No, lifetime elision is fine, because it's the only way to specify object lifetimes. There is no "easier but more fragile syntax" that allows you to write the very same thing but using a bit less characters.

I love impl Trait, but Rust already have a very nice and powerful generics. Having single way to write "argument of type T" have much higher value than possibility to sometimes inline type declarations. This is why I love impl Trait in return position: it's not possible to express is via existing language features.

In a nutshell: conservative-impl-trait is strictly a language expansion so it's considered to be good, while universal-impl-trait is substitution of existing features thus is considered harmful..

@aturon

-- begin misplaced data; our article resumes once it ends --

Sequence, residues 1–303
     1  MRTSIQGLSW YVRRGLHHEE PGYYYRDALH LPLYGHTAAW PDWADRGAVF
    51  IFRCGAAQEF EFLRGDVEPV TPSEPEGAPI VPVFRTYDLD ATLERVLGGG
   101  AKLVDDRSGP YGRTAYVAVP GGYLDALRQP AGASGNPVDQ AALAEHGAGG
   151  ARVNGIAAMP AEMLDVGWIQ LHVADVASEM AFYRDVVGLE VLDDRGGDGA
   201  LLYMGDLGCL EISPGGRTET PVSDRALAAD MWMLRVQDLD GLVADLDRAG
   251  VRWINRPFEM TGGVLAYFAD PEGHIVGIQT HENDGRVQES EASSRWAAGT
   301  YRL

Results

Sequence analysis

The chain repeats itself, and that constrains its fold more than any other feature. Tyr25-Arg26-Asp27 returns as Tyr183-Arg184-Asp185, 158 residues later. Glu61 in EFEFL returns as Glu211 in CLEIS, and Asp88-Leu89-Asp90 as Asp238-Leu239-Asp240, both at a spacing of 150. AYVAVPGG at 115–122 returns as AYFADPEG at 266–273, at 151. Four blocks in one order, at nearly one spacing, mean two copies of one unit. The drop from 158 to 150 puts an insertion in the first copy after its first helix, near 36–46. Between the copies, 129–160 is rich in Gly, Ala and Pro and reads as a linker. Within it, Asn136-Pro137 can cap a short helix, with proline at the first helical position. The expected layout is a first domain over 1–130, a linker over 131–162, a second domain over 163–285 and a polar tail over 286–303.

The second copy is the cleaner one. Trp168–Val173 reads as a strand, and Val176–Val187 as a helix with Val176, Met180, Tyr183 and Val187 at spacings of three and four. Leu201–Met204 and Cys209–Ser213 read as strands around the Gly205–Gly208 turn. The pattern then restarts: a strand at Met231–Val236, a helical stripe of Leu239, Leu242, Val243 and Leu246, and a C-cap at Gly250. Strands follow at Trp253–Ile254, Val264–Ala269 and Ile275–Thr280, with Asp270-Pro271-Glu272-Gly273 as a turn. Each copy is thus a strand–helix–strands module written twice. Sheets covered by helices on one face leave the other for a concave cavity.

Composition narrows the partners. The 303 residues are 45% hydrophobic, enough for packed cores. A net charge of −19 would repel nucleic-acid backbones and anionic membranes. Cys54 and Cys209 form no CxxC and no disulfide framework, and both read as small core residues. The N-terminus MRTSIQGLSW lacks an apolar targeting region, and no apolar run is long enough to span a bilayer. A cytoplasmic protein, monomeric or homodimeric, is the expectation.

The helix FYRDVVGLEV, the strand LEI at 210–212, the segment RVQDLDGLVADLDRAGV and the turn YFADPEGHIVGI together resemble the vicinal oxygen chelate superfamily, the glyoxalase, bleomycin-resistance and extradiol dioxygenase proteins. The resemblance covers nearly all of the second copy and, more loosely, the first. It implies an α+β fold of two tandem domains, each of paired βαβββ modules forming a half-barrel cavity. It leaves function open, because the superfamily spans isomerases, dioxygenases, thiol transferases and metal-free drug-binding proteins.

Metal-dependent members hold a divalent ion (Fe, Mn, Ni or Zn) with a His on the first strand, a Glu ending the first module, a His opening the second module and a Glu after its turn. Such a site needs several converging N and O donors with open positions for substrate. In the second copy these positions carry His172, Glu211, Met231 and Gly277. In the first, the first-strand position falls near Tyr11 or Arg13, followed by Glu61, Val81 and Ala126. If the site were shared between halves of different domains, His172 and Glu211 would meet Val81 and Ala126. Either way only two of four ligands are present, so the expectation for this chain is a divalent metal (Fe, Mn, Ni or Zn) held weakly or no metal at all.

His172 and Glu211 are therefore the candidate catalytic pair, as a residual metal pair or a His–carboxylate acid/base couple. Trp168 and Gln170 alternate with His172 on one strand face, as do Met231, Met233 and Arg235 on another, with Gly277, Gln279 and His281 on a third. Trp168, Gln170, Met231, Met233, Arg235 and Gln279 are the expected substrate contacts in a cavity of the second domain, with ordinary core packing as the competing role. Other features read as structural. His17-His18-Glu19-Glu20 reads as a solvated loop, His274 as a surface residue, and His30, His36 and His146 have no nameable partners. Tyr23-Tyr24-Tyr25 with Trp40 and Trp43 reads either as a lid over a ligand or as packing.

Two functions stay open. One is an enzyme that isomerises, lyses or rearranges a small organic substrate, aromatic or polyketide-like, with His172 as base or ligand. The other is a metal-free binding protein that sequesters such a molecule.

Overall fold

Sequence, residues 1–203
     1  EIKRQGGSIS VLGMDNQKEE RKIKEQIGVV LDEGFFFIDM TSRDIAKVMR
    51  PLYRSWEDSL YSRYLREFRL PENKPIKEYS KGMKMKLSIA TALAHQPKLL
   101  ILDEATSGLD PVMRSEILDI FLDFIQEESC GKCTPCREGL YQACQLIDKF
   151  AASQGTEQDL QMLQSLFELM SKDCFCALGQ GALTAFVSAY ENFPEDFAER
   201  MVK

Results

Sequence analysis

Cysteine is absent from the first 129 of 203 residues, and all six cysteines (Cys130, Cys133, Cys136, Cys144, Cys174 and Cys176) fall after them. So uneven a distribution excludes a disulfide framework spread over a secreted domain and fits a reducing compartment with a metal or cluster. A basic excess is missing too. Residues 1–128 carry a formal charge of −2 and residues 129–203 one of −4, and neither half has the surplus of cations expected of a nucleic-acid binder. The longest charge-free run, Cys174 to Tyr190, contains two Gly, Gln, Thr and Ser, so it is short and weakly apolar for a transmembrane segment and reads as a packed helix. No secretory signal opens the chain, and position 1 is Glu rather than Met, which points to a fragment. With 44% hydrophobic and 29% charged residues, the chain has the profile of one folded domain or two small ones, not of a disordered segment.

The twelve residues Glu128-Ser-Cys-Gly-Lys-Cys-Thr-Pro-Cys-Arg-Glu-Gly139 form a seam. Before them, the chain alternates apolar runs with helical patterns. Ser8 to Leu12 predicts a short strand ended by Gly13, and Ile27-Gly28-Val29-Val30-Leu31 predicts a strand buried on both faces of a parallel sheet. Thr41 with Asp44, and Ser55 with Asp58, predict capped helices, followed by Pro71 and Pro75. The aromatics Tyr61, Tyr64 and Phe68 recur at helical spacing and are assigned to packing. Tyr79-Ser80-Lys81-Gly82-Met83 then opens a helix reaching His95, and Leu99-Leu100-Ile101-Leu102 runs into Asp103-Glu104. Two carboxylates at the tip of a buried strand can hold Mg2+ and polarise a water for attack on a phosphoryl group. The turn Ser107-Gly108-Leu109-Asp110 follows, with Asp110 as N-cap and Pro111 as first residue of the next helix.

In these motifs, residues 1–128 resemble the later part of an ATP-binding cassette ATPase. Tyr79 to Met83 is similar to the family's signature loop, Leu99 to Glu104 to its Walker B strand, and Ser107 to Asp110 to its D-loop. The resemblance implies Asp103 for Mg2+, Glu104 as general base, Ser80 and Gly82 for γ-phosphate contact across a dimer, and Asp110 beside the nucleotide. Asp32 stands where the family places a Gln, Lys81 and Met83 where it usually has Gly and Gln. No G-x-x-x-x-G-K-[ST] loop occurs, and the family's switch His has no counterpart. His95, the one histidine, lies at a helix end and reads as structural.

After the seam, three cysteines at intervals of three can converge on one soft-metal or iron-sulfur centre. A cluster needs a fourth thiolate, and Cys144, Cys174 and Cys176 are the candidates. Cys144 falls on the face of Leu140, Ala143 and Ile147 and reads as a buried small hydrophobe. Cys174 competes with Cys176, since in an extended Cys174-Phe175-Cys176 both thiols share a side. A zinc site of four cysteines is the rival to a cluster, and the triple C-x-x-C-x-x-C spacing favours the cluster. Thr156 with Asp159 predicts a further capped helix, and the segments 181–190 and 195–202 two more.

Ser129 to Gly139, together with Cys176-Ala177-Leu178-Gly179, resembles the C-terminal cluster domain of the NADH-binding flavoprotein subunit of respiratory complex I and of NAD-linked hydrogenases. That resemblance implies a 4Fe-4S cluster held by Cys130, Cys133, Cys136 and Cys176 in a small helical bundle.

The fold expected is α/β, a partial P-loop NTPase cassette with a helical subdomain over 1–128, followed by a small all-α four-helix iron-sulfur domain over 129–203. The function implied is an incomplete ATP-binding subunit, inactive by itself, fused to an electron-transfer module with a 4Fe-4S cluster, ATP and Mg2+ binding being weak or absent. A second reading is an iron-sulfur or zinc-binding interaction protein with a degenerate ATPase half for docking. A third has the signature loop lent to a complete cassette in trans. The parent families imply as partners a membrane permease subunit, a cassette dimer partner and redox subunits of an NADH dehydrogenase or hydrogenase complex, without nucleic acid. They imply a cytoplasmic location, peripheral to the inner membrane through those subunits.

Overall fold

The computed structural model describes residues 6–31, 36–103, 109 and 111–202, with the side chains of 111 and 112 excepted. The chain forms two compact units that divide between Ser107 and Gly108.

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aturon commented May 21, 2018

We are going to take the unusual step of immediately closing and locking this RFC.

While there are clearly a lot of feelings on all sides of the issue, the fact is that this feature has shipped on the stable channel and is not going to be removed. This is both because of our basic stability guarantees but also because the decision was made in good faith and pursuant to our process, and we stand by that.